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Thread: Naming Conventions

  1. #1
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    Naming Conventions

    Two questions related to naming conventions:

    1. When doing an electrical design, what naming convention do you typically use when designating panelboard names?

    2. When building a system model in a software such as ETAP or SKM, what naming convention do you typically use for protective devices? Do you typically name circuit breakers based on the panel they're located in, or the load they're feeding?

    Thanks in advance!

  2. #2
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    Here is oneconvention I have used recently:

    • MSB – Main ServiceBoard
    • DPH – 480/277Vdistribution panel
    • DPL – 120/208Vdistribution panel
    • BPH – 480/277V branchcircuit panel
    • BPL – 120/208V branchcircuit panel
    • MPH – 480/277V panelfor mechanical loads
    • MPL – 120/208V panelfor mechanical loads
    • LPH – 480/277V panelfor lighting loads


    For SKM modeling, Iwill give each bus the exact same name at the panel it is modeling. For example,

    • BPL-4-01 is the SKMmodel for the bus that represents the first low voltage panel on level 4.
    • FB-BPL-4-01 is theupstream feeder breaker.
    • MB-BPL-4-01 is themain breaker on this panel (if there is one)
    • F-BPL-4-01 is theupstream feeder to this panel.
    • PFB is the primaryfeeder breaker that serves a transformer.
    • PF is the primaryfeeder to a transformer.
    • SF is the secondaryfeeder leaving the transformer.
    • NFB is the normalfeeder breaker upstream of a transfer switch.
    • NF, SFB, and SF areother components associated with a transfer switch.



    Charles E. Beck, P.E., Seattle
    Comments based on 2014 NEC unless otherwise noted.

  3. #3
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    OK - to expand a bit, how do you label cable trays?

  4. #4
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    Quote Originally Posted by Fnewman View Post
    OK - to expand a bit, how do you label cable trays?
    That's easy. I don't.

    Charles E. Beck, P.E., Seattle
    Comments based on 2014 NEC unless otherwise noted.

  5. #5
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    SKM

    I usually label devices based on what they're feeding... and I prefix each device by the type.

    PD - protective device
    CBL - cable
    MTR - motor
    xfmr - transformer

    The bus is simply the name of the device based on the engineered single line diagram (if one exists). Below is an example in the order going downstream that I might see...

    PD-LP1 (protective device in a hypothetical switchboard)
    CBL-LP1 (next cable)
    PD-LP1 MCB (main circuit breaker in the panel)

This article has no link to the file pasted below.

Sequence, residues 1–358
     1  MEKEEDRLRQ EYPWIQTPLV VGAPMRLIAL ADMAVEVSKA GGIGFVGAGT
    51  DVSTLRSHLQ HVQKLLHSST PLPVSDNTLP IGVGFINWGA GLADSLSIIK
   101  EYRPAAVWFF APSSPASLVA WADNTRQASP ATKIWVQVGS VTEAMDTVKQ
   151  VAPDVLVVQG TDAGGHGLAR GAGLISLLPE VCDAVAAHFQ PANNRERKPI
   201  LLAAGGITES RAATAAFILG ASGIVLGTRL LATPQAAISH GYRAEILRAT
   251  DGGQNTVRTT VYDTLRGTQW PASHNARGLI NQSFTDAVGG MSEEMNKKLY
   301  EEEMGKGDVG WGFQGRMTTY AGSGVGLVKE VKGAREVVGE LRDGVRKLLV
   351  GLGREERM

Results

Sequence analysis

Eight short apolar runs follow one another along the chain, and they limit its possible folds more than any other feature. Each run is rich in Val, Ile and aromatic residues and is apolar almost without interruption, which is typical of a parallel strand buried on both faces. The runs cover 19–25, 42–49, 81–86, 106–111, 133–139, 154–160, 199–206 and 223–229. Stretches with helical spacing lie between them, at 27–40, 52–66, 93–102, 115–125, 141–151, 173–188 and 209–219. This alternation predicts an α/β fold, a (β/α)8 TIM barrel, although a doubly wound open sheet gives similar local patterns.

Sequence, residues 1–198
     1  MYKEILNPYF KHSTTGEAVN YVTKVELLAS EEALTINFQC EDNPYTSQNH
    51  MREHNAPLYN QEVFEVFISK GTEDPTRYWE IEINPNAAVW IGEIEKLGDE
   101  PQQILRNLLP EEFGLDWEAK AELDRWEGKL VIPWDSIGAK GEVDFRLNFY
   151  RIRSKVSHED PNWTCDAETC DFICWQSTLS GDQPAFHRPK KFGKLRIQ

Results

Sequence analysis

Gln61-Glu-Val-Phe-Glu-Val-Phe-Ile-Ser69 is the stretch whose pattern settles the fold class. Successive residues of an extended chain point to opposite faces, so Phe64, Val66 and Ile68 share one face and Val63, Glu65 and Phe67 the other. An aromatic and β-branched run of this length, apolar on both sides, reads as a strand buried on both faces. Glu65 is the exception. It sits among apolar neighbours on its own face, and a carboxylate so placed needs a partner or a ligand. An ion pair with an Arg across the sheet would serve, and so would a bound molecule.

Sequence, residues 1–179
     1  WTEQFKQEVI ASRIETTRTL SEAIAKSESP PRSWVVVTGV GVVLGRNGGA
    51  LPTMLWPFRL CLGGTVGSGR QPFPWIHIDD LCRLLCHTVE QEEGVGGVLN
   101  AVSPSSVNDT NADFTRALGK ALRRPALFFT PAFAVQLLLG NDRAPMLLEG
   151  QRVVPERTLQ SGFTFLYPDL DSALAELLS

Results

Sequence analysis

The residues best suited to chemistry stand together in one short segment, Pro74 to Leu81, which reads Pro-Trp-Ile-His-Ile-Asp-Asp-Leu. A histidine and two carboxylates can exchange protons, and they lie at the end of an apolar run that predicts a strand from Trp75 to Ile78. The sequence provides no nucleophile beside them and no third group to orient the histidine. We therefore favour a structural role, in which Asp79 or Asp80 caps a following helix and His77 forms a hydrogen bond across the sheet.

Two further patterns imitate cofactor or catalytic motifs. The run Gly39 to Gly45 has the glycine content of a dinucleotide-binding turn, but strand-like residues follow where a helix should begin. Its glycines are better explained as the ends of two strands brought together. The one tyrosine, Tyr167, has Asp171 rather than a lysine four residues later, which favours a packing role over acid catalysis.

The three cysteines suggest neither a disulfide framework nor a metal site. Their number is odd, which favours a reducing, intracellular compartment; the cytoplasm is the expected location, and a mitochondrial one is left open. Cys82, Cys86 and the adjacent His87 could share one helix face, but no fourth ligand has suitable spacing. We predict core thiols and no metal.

LP1 (panel name)

    For ATS I suffix each protective device, cable, etc with a (N) or (E) to distinguish between normal and emergency sides.

  6. #6
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    Quote Originally Posted by charlie b View Post
    That's easy. I don't.

    Ok if that works for you, but for large jobs I like to show the cable tray route on the cable schedule.

  7. #7
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    Quote Originally Posted by Fnewman View Post
    Ok if that works for you, but for large jobs I like to show the cable tray route on the cable schedule.
    We appear to be familiar with different types of projects. I am aware that some facilities want the design package to include a schedule that says that cable number XXX will consist of two #12's and a #12 EGC, running from this circuit on this panel to that load. You can have pages and pages of nearly identical rows, each one describing a different circuit run, and each one given a unique name. I have not worked on such projects, and I don't think I would want to. My design drawings might include a floor plan that shows a receptacle outlet and a circuit number right next to it. How the electrician gets the conductors from that circuit in the breaker panel to that load is no concern of mine.

    Charles E. Beck, P.E., Seattle
    Comments based on 2014 NEC unless otherwise noted.

  8. #8
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    Quote Originally Posted by charlie b View Post
    My design drawings might include a floor plan that shows a receptacle outlet and a circuit number right next to it. How the electrician gets the conductors from that circuit in the breaker panel to that load is no concern of mine.
    This is how I approach most designs as well.

  9. #9
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    Agreed- two totally different types of projects.

  10. #10
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    Thanks for all of the responses, I appreciate everyone's input.

    Regarding the naming of devices in circuit modeling software, in the past I have always named protective devices based on the bus it is feeding, just as charlie b and lielec11 have described. The reason I raised the question is because it seems like most studies I've seen lately (that were done by other firms) name the circuit breakers based off the panel they reside in.

    Below is an abbreviated version of the cable tray naming convention that was used on a large project we recently worked on.

    First Character - Voltage:
    H = 15kV
    M = 5kV
    4 = 480V
    T = Telecom
    C = Control

    Second Character:
    T = Tray

    Third Character - Width:
    6 = 36"
    0 = 30"
    4 = 24"
    8 = 18"
    2 = 12"

    Fourth Character - Bottom Elevation:
    0 = 137'-1"
    9 = 135'-1"
    8 = 134'-1"
    etc...

    Fifth Character - Segment:
    A, B, C, etc...

    Sixth Character - Sub Segment:
    A, B, C, etc...

    This project also used two additional characters in the tray names to indicate the building & sector, but I left those out for brevity.

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